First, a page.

The LEMHWA passed both chambers unanimously and without amendment and was signed by the President shortly thereafter. These actions show that its purpose and intended effects are uncontroversial among policymakers – law enforcement agencies need and deserve support in their ongoing efforts to protect the mental health and well-being of their employees. Congress took the important step in improving the delivery of and access to mental health and wellness services that will help our nation’s more than 800,000 federal, state, local, and tribal law enforcement officers.  
"Serving as a law enforcement officer requires courage, strength, and dedication," Attorney General William P. Barr said. "The demands of this work, day in and day out, can take a toll on the health and well-being of our officers, but the Department of Justice is committed to doing our part to help. I want to thank the men and women of our COPS office for their hard work to support our officers every day, and specifically for these thoughtful and insightful reports, which detail both the challenges facing our officers and some specific ways we can give them the support that they deserve."
"A damaging national narrative has emerged in which law enforcement officers – whether federal, state, local, or tribal – are seen not as protectors of communities but as oppressors," said COPS Office Director Phil Keith. “In this environment, where an inherently stressful job is made more so by a constant undercurrent of distrust and negative public opinion, the risks to officer wellness are exacerbated. This report is an important measure and reflection in our ongoing commitment to protect those who protect us. "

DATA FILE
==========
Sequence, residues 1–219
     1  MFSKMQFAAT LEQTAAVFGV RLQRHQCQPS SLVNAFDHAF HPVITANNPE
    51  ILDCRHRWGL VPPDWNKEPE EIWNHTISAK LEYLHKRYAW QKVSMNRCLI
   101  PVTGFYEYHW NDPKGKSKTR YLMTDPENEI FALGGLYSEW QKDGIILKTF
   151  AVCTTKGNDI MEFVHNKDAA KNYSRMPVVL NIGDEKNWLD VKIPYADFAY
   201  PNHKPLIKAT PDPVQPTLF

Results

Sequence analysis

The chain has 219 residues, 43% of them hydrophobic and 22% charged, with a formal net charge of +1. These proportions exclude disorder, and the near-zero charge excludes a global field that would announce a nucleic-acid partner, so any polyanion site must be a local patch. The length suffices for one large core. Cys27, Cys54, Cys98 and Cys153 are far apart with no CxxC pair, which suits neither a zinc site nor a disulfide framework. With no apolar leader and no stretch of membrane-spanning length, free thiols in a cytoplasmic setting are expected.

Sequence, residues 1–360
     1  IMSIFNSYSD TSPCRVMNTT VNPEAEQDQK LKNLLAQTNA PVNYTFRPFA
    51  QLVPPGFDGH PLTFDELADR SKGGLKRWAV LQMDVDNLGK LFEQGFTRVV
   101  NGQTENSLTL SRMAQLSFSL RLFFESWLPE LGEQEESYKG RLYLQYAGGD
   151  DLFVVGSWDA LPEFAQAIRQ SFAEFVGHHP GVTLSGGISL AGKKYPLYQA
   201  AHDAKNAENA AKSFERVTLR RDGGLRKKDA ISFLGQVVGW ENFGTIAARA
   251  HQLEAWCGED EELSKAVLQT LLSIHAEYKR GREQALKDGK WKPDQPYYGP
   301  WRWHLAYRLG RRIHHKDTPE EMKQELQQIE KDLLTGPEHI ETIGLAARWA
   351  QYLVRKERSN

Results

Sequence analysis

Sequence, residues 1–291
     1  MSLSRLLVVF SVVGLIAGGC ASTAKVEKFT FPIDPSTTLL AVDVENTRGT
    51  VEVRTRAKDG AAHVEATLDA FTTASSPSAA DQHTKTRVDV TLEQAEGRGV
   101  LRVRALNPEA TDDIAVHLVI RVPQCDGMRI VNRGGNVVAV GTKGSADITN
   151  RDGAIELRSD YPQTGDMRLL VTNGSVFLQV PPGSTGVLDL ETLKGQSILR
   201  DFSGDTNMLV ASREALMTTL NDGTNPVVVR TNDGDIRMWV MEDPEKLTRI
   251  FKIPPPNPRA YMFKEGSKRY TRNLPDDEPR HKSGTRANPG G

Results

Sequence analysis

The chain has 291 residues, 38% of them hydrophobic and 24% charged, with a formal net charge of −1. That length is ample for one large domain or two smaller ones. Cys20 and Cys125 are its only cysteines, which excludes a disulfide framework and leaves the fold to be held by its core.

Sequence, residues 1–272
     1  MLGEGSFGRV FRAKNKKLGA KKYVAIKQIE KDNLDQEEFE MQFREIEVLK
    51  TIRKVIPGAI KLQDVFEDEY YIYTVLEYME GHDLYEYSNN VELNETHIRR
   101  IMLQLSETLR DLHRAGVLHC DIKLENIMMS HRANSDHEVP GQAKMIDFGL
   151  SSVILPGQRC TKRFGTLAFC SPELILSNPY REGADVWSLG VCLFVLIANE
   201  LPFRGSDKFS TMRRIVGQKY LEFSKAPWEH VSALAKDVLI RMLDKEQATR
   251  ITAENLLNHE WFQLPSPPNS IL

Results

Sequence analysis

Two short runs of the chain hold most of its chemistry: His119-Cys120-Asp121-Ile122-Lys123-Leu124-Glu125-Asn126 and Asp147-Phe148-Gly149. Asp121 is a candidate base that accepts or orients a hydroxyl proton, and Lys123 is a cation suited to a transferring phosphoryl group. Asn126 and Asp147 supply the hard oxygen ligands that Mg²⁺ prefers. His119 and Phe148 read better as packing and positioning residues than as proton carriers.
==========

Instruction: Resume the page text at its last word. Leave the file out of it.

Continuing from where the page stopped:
Under the Law Enforcement Mental Health and Wellness Act, the COPS Office was required to submit reports to Congress that addressed:
(1) Recommendations to Congress on effectiveness of crisis lines for law enforcement officers, efficacy of annual mental health checks for law enforcement officers, expansion of peer mentoring programs, and ensuring privacy considerations for these types of programs;
(2) Mental health practices and services in the U.S. Departments of Defense (DoD) and Veterans Affairs (VA) that could be adopted by federal, state, local, or tribal law enforcement agencies; and
(3) Case studies of programs designed primarily to address officer psychological health and well-being.
The first report, Law Enforcement Mental Health and Wellness Act: Report to Congressincludes 22 recommendations to Congress ranging from supporting programs to embed mental health professionals in law enforcement agencies to supporting the development of model policies and implementation guidance for law enforcement agencies to make substantial efforts to reduce suicide.
The case studies report, Law Enforcement Mental Health and Wellness Programs: Eleven Case Studies, is designed to provide an overview of multiple successful and promising law enforcement mental health and wellness strategies with the joint aims of informing Congress, state and local government officials, and the law enforcement field. The report includes 11 case studies from a diverse group of sites across the United States.